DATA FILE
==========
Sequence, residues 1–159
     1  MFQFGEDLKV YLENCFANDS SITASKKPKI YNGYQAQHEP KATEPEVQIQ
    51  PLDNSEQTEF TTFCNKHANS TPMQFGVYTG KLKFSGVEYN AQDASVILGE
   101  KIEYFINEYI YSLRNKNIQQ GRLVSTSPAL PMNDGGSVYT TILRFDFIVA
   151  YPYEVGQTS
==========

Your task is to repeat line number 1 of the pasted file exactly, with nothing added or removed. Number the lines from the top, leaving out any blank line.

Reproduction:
Sequence, residues 1–159